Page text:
You apparently have little experience dealing with rental property. Because my family made the mistake of getting into that business when I was young, I do. I've observed rental property often over the years. Tenants have no incentive to do simple things like pay for screws to replace a towel rack in the bathroom and often they fail to do so. More importantly, they live in ways that tend to be more destructive of property than owners do. The highest crime rate in virtually any area can be found where there is the most rental property. Governmental policy should encourage home ownership.

People who still decide they want to live in rental housing can choose to do so. They just won't get a deduction for their rent.

Quote:
So what, you're going to force people to own homes, even though they don't want to? Way to go Stalin.
Classic Tea Potty retort. Compare anyone who supports the use of governmental policy to achieve any objective with communism or socialism. Tax policy doesn't "force" anyone to do anything. It simply gives a greater monetary reward to those who make a choice that society finds consistent with a public policy.

Your ideas about getting a flat tax stand about zero chance of winning approval and thank heavens for that.
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Old 08-19-2011, 11:32 AM
 
Location: MN
378 posts, read 638,483 times
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Quote:
Originally Posted by Mircea View Post
What kind of people? People who like city-living, who like apartment living, who don't want to be burdened with the maintenance and house-keeping a home requires, who don't want to be burdened with the added costs of a home such as the 75% -125% increase in electric costs and the cost of heat, who might be physically disabled and unable to care for a home, who might be mentally ill and unable to care for a home, who may prefer to be on a bus-line so the don't need the added expense of a vehicle, who might be unable to have a valid driver's license for any number of reasons, including medical reasons who might need to live on a bus-line, who might want to live near where they work or play, and for dozens of other reasons.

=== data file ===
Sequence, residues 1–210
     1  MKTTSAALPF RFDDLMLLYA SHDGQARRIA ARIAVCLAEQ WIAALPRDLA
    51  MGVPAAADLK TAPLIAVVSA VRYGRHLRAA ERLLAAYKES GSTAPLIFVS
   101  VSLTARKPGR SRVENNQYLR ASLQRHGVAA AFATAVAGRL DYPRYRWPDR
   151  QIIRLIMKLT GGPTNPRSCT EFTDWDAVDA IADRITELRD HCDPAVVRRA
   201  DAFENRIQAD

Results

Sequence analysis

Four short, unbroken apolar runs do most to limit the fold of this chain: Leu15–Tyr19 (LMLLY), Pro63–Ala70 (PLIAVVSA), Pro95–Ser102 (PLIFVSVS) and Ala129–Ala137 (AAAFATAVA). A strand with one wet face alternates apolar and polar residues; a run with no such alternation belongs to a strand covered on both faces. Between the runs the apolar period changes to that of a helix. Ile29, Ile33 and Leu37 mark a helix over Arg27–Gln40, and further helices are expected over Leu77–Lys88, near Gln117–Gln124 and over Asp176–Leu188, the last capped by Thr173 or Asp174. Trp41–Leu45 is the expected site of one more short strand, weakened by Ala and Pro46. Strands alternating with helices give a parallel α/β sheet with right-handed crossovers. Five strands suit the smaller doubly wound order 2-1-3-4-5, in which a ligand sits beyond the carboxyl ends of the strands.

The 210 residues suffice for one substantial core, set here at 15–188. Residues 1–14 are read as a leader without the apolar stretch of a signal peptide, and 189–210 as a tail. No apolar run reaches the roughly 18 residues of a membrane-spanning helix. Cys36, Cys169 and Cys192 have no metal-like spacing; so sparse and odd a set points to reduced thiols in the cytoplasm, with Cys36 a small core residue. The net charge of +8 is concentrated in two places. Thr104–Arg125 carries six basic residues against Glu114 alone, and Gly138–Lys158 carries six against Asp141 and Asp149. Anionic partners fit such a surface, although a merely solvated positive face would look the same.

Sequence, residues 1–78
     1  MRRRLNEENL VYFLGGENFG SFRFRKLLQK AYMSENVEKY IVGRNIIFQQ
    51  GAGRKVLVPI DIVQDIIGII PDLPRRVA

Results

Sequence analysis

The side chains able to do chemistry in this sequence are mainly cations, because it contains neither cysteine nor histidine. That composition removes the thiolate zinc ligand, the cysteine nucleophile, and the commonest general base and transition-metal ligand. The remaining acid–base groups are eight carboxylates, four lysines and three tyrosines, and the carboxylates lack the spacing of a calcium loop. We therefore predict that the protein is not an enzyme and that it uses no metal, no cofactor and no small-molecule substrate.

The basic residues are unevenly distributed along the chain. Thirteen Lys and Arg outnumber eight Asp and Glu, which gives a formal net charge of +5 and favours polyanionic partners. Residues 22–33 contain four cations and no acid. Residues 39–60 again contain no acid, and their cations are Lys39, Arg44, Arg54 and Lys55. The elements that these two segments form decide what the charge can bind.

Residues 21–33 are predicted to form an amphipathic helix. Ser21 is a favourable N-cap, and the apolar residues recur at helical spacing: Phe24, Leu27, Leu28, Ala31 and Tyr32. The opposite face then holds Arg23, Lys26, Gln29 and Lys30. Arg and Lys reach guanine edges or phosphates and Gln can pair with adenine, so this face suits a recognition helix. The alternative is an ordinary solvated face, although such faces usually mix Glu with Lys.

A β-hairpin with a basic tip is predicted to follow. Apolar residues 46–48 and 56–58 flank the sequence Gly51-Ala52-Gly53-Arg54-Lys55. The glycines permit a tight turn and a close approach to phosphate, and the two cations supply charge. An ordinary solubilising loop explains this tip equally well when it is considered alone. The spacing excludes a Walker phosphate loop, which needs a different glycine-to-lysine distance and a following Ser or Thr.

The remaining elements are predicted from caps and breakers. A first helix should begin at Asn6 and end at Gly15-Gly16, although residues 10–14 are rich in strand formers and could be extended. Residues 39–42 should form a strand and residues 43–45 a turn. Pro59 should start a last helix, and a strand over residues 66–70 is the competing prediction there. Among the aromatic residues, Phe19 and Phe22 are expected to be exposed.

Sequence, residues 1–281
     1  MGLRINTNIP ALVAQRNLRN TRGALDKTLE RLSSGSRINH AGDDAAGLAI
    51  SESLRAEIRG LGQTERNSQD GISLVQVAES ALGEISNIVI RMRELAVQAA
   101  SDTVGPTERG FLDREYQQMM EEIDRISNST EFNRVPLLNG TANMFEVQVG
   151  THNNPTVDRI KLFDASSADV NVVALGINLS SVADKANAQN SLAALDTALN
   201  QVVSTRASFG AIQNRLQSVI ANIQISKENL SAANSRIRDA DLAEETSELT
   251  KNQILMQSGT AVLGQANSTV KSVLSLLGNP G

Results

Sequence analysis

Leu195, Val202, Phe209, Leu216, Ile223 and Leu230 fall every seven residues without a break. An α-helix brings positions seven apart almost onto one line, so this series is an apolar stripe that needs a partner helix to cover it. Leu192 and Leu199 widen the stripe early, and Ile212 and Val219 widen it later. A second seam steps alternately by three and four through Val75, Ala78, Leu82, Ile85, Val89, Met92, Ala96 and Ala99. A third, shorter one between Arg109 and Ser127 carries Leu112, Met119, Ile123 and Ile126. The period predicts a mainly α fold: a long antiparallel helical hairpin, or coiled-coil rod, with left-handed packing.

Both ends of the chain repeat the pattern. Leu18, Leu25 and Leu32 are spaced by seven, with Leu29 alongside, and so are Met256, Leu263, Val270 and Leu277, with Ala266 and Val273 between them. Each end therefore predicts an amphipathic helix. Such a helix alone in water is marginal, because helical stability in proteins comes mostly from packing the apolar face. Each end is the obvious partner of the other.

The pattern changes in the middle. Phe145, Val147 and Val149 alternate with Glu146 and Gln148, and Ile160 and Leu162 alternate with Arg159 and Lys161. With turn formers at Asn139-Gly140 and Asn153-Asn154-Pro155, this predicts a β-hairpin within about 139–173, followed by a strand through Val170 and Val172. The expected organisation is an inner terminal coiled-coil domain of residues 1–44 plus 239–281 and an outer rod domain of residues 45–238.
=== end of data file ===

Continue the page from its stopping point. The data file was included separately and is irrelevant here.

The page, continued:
So what, you're going to force people to own homes, even though they don't want to? Way to go Stalin.
Guess you didn't read my post. Another poster suggested that we should encourage mortgages b/c crime is higher in rental neighborhoods. I'm saying that this doesn't make sense b/c there are other factors at work.
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Old 08-19-2011, 12:30 PM
 
Location: West Orange, NJ
12,545 posts, read 19,470,204 times
Reputation: 3712
Quote:
Originally Posted by markg91359 View Post
You apparently have little experience dealing with rental property. Because my family made the mistake of getting into that business when I was young, I do. I've observed rental property often over the years. Tenants have no incentive to do simple things like pay for screws to replace a towel rack in the bathroom and often they fail to do so. More importantly, they live in ways that tend to be more destructive of property than owners do. The highest crime rate in virtually any area can be found where there is the most rental property. Governmental policy should encourage home ownership.

People who still decide they want to live in rental housing can choose to do so. They just won't get a deduction for their rent.